There can never be enough praise for De La Soul. Their status in Hip Hop is virtually unparalleled – no other group (with the possible exception of Public Enemy) can boast the same longevity, never wavering authenticity and consistent A+ quality output. Truly Hip Hop’s elite, De La Soul created so much Hip Hop classics, that it is virtually impossible to narrow it down to a selection of no more than 15 tracks. We are going to try anyway – let’s just see this list as a celebration of De La Soul’s legendary status and as a starting point of a healthy discussion about De La Soul’s greatest tracks.
So: if your personal favorites didn’t make this cut, don’t worry, no doubt your favs are excellent De La songs too! Just weigh-in in the comments and tell us which songs you feel should be added (and which ones should be left out…).
15. Me, Myself & I (1989)
“Mirror mirror on the wall / Tell me mirror, what is wrong? / Can it be my De La Clothes / Or is it just my De La Soul?”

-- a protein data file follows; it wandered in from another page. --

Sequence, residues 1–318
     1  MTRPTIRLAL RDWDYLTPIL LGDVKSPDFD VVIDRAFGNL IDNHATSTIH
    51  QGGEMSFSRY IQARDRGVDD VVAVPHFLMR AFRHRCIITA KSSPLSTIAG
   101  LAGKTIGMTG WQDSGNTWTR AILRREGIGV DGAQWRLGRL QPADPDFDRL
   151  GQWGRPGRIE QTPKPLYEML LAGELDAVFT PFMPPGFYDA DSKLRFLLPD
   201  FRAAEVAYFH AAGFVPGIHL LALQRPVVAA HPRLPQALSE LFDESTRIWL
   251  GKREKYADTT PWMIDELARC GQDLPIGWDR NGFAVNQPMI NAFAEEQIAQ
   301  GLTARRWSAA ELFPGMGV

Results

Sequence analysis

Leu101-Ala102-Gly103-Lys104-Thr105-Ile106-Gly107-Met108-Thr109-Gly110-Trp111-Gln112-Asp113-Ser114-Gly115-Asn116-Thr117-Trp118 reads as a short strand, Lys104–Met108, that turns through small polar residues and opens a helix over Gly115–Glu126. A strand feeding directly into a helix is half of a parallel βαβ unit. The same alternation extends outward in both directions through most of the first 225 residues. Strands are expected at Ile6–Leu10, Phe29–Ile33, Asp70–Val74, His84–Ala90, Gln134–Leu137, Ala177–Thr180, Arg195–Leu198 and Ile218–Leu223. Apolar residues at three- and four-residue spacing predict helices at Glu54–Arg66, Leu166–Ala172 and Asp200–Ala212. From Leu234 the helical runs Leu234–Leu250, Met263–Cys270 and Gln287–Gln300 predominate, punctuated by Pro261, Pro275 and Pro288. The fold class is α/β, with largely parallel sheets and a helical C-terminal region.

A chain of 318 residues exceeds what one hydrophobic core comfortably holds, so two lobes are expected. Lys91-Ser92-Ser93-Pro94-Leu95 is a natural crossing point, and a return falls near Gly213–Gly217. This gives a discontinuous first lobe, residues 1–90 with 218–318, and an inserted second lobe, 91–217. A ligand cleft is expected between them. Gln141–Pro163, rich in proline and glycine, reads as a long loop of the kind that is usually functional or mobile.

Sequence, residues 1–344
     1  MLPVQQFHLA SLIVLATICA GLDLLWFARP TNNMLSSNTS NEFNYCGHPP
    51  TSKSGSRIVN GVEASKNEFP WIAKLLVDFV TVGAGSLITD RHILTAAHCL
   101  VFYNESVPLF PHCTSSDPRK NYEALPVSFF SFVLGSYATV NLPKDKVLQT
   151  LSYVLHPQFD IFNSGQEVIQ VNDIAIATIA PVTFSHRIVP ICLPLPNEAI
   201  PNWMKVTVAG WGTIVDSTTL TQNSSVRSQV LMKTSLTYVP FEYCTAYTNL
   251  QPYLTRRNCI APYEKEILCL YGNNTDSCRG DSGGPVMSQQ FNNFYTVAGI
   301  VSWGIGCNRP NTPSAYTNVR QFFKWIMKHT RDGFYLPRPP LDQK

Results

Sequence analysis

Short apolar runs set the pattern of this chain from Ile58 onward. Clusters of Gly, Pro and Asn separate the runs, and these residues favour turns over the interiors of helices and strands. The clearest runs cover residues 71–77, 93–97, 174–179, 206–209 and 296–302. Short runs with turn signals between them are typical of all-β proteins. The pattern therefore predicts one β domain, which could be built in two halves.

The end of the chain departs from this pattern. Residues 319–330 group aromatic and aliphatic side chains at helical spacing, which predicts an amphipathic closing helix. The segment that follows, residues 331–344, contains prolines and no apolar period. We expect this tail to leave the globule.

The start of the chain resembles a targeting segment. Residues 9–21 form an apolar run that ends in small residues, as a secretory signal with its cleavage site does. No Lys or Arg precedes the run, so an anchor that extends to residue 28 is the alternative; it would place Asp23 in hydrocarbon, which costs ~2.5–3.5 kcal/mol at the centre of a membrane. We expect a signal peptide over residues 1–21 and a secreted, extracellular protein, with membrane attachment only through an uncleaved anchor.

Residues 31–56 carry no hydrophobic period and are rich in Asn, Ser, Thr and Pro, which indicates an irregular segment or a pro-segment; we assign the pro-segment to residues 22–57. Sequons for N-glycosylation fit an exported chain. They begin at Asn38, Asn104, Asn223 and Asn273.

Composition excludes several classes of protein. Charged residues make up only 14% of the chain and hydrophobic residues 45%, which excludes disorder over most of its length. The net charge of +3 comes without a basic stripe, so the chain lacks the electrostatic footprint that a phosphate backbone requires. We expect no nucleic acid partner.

Still one of De La Soul’s most famous and most recognizable songs (if not one of their own favorites). As early as 1989, De La Soul was very vocally opposed to cliches in Hip Hop. Their clever and humorous lyrics in this track would pretty much set the tone for the rest of their career and their continued opposition to the dumbification of Hip Hop.
De La Soul never sold out, never followed trends, never felt the need for tough guy/gangsta posturing – they always stayed true to themselves. That makes the message of this song, almost thirty years later, all the more powerful.
14. Held Down (2001)
“And when I’m watchin the news, and my daughter walks in / And choose to ask, “Why were all those people on the floor, sleepin, covered in red?” / I told her that they were lookin for God, but found religion instead…”
Another track to make you think, in which Pos tells you to think for yourself and to be your own self. Cee-Lo Green’s hook gives a nice gospel flavor to this dope track from the slept on AOI: Bionix album.
13. De La Soul ft Indeed - Set The Mood (2000)
“My Art Is Official while you’re artificial / Break you down to your very last participle / Let me enlighten you, cause your third eye’s on dim / Me gettin taken out is rare like a smile from Rakim”